GED Poetry… Ugh!

I started out talking about metaphors for the GED reading section last time… (Prospero Año Nuevo, by the way…) Anyway, it led me into poetry. I know, it’s the hardest thing, right? But the GED reading test’s gonna have poetry on it. And sometimes I like poetry, you know. It’s a matter of figuring out what they’re trying to say… that’s what reading’s about, right? It’s what the GED is about. Continue reading

GED Reading: Metaphor… Saying one thing to mean another…

Here’s something you need to know for GED reading… One thing that’s on the GED test and that confuses people when they’re reading (me, at least!) is what’s called a metaphor. Do you remember learning about them in high school? Metaphors are used in literature all the time. That’s when you say one thing, but you really mean another thing. Continue reading

GED Reading: Books Online

Hola, GED readers! You know, one of the best ways to improve your reading is to start reading every day. And read things that you like, make it your new hobby. If you read all the time, you’ll get to be a much better reader even before you know it. You can read to your children… that’s one of the things I do with my son, is read him from books, like Peter Pan. It’s good for him, because it makes him interested in reading, and it’s good for my reading, too. Of course, it’s fun to read for yourself, too. And I found out, there’s a lot of free books online to read.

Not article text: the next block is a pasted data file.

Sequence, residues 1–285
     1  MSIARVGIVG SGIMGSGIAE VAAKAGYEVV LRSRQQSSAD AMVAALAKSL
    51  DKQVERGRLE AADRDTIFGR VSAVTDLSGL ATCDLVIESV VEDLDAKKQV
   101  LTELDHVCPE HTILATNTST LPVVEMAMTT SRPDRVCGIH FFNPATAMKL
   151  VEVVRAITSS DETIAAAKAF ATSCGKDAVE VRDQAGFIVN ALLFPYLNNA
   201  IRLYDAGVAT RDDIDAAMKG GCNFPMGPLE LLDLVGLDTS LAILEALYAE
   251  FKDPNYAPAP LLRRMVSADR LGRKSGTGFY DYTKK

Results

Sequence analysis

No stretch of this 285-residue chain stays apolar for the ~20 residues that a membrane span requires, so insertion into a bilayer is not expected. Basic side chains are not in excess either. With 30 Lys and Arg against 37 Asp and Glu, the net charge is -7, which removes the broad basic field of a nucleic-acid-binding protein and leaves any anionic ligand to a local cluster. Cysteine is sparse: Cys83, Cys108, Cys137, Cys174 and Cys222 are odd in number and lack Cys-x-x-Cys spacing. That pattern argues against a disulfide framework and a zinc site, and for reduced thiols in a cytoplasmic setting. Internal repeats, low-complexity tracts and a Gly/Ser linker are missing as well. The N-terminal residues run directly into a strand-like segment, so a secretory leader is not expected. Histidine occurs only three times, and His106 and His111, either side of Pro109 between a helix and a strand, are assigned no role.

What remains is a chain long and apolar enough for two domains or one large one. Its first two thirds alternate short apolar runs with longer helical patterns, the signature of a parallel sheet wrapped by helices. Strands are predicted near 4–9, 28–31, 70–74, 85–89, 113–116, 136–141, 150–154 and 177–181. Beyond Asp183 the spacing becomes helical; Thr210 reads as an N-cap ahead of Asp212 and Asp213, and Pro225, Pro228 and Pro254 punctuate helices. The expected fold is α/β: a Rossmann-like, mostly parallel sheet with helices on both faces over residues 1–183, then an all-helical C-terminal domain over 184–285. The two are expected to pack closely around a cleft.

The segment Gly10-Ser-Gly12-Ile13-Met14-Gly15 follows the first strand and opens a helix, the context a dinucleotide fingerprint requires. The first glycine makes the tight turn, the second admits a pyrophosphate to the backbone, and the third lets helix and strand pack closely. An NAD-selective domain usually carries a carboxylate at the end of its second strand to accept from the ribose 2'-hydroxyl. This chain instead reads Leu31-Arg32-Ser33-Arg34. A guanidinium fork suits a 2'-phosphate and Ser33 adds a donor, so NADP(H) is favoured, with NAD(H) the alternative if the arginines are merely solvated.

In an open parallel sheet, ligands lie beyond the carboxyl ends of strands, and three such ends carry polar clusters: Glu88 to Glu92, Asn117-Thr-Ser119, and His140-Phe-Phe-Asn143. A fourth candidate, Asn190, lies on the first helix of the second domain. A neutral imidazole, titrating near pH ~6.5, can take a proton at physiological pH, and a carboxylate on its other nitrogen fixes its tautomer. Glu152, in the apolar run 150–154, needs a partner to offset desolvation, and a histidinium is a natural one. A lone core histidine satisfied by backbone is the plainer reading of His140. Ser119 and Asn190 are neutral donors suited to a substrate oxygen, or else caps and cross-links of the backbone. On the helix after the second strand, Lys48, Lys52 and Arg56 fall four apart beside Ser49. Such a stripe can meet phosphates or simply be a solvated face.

I found books at the Online Books Page, Classic Reader and also Google Books (if you search for “full view”). It’s easy to find  a book to read, any time. I like to read mysteries, because they’re sort of like puzzles, to think about what the solution is. I started reading this one I found on Classic Reader, called Where There’s a Will. So, I thought I’d make a GED reading practice question from it… Here it is!

He sauntered over and dropped a quarter into the slot-machine by the door, but the thing was frozen up and refused to work. I’ve seen the time when Mr. Sam would have kicked it, but he merely looked at it and then at me.

“Turned virtuous, like everthing else around the place. Not that I don’t approve of virtue, Minnie, but I haven’t got used to putting my foot on the brass rail of the bar and ordering a nut sundae…”

When Mr. Sam says “ordering a nut sundae,” it’s a metaphor for:

1) going crazy

2) being virtuous

3) gambling

4) being sinful

What do you think? Can you answer the question? Continue reading